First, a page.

TECH TALK: Disruptive Bridges: My First Computer (Part 2)

In talking about My First Computer, we are also (yet) thinking of connecting the employees to existing applications or databases. Our competition is paper and manual processes. What we are offering is a system which can automate some of the basic, repetitive tasks that people do and more.

A telephone operator, for example, can use it as a phone and address book. Instead of storing details of missed calls on scraps of paper, the operator can now send an email or an instant message to the concerned person. Is one call that may have otherwise been missed worth Rs 500? A librarian can use it to record books and magazines that have been borrowed, enabling employees to electronically browse what the library offers. Is their time saved worth Rs 500 each month?

One could think of many such scenarios depending on the people involved. Giving a computer with a basic set of applications (email, calendar, tasks manager, contact manager, browser, word processor, spreadsheet, presentation application, instant messenger) and more importantly, instructions and guidance to use these applications in day-to-day activities can definitely play a role in making their users more productive.

In addition, I feel that the empowerment and confidence that todays non-users will get with My First Computer will result in a more pro-active workforce. The computer can have that magical effect on people. All we have to do is to look back to the exhilaration we felt when we used our first PC. That feeling needs to be permeated across every employee in the enterprise.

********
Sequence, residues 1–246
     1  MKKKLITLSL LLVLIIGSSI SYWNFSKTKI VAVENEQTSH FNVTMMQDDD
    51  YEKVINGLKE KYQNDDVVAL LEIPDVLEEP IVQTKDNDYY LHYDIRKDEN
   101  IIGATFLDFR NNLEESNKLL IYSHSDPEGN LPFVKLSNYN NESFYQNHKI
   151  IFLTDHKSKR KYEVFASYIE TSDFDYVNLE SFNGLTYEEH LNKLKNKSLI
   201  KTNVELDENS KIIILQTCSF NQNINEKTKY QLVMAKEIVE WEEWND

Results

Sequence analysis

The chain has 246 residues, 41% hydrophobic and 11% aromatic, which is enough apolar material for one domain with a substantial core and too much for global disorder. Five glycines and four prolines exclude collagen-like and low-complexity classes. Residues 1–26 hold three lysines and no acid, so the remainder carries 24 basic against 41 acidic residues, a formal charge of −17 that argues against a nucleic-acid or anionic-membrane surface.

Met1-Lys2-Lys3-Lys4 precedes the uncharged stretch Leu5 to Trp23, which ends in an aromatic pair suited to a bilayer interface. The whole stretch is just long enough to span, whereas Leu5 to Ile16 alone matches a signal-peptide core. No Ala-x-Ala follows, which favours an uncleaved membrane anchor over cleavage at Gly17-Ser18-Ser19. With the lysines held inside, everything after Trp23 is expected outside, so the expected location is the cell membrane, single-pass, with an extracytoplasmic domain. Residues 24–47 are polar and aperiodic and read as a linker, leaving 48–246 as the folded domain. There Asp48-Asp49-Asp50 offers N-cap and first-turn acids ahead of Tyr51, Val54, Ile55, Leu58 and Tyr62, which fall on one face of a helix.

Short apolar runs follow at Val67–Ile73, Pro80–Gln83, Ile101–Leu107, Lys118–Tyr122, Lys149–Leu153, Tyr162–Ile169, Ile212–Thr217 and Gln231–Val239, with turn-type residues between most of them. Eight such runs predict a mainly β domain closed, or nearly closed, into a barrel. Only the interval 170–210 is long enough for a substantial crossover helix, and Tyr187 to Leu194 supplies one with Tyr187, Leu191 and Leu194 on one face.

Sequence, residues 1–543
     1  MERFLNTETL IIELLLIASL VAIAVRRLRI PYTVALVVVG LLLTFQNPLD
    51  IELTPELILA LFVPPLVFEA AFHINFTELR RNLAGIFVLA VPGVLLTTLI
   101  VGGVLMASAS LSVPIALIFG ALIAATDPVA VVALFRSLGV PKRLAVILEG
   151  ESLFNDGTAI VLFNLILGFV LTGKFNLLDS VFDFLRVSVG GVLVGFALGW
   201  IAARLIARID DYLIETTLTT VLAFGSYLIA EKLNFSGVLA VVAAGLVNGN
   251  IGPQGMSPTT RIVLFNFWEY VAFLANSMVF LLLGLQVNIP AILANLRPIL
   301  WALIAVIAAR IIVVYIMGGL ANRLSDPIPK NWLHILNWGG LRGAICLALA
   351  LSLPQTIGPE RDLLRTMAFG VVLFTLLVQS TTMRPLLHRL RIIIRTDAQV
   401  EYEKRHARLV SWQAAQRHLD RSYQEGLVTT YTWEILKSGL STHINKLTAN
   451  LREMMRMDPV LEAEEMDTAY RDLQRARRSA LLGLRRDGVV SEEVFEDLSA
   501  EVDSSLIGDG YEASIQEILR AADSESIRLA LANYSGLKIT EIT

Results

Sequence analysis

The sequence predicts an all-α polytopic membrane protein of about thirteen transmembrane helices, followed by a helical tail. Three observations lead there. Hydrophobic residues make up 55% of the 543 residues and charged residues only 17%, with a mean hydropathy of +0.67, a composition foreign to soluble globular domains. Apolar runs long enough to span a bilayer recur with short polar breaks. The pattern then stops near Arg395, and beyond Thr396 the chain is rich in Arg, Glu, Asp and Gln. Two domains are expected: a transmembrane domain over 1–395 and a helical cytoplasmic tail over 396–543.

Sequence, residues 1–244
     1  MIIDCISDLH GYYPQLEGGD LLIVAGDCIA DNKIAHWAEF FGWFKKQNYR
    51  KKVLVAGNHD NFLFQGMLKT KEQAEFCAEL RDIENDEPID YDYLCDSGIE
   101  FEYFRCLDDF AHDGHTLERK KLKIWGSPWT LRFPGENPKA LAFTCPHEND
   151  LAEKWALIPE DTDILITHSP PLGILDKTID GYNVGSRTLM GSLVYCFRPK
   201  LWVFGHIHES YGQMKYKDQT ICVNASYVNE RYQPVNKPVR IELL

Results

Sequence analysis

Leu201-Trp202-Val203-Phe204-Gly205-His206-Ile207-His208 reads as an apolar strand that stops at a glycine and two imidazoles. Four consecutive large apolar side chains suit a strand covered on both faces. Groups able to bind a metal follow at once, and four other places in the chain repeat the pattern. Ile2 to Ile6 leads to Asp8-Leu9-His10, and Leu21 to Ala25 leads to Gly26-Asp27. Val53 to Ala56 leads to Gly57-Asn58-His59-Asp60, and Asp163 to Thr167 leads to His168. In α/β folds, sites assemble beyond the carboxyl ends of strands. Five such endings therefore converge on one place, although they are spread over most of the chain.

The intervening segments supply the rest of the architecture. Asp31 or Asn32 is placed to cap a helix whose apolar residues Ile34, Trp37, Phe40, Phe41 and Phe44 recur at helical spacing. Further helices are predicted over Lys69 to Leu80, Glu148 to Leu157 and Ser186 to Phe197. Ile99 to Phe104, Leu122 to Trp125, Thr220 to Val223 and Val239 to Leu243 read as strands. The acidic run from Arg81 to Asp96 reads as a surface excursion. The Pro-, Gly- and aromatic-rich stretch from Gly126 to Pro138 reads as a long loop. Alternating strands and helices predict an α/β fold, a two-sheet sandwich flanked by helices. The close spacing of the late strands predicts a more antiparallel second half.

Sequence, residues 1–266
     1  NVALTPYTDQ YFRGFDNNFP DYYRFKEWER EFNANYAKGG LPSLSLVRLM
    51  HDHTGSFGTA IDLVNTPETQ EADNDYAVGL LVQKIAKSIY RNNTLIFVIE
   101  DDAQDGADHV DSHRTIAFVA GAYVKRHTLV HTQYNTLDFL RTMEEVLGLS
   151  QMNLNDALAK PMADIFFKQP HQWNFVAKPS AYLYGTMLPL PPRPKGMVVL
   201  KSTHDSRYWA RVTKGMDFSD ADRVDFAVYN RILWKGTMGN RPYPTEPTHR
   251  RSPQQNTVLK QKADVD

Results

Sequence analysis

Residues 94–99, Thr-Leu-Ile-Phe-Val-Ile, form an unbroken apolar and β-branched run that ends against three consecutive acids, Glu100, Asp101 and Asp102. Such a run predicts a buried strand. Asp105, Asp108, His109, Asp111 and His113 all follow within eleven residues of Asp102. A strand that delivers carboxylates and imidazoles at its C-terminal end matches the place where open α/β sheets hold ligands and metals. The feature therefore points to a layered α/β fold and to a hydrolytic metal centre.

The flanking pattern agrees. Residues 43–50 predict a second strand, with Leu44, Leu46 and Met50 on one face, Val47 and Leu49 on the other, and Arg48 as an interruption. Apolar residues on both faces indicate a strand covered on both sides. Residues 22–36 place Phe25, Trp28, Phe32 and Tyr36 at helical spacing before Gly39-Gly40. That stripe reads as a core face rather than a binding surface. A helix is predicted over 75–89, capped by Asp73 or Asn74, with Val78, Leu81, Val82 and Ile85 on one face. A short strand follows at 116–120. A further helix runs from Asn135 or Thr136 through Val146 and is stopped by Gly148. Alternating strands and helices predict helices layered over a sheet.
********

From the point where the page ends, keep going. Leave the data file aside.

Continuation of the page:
The interface that is seen on My First Computer cannot be the one we currently see. Files-Folders-Icons along with the Start-Menu may be fine for todays power users. Is there something simpler we can offer to the novice users? It should be something which does not make feel that theyve been given a cheaper, poorer version of todays MS-Windows interface. In fact, they should feel delighted with what they have, not disappointed. There is a wonderful opportunity to rethink the first screen that users see and use for this next set of users. What we do them to feel is that they have a superior version of a new product, rather than an inferior version of an old one.

What is needed is the equivalent of a Digital Dashboard on the PC, which becomes the gateway for performing tasks, the aggregator of information, and the launchpad for applications. It is the one screen which users can think of as their electronic home.

My First Computer along with a set of ideas that simplify computing for todays non-consumers in enterprises can create the first step in opening up a whole new world of opportunities for the workforce. It is the key component in creating a new technology ecosystem in the worlds developing countries. It is the first step in creating nations whose populace is computer-literate. The biggest challenge and question which we have to answer is how can we make this possible (profitably for the entire value chain) at the price point we had talked of: Rs 500 per person per month.

Tomorrow: Economics

TECH TALK Disruptive Bridges+T

Published by

Rajesh Jain

An Entrepreneur based in Mumbai, India.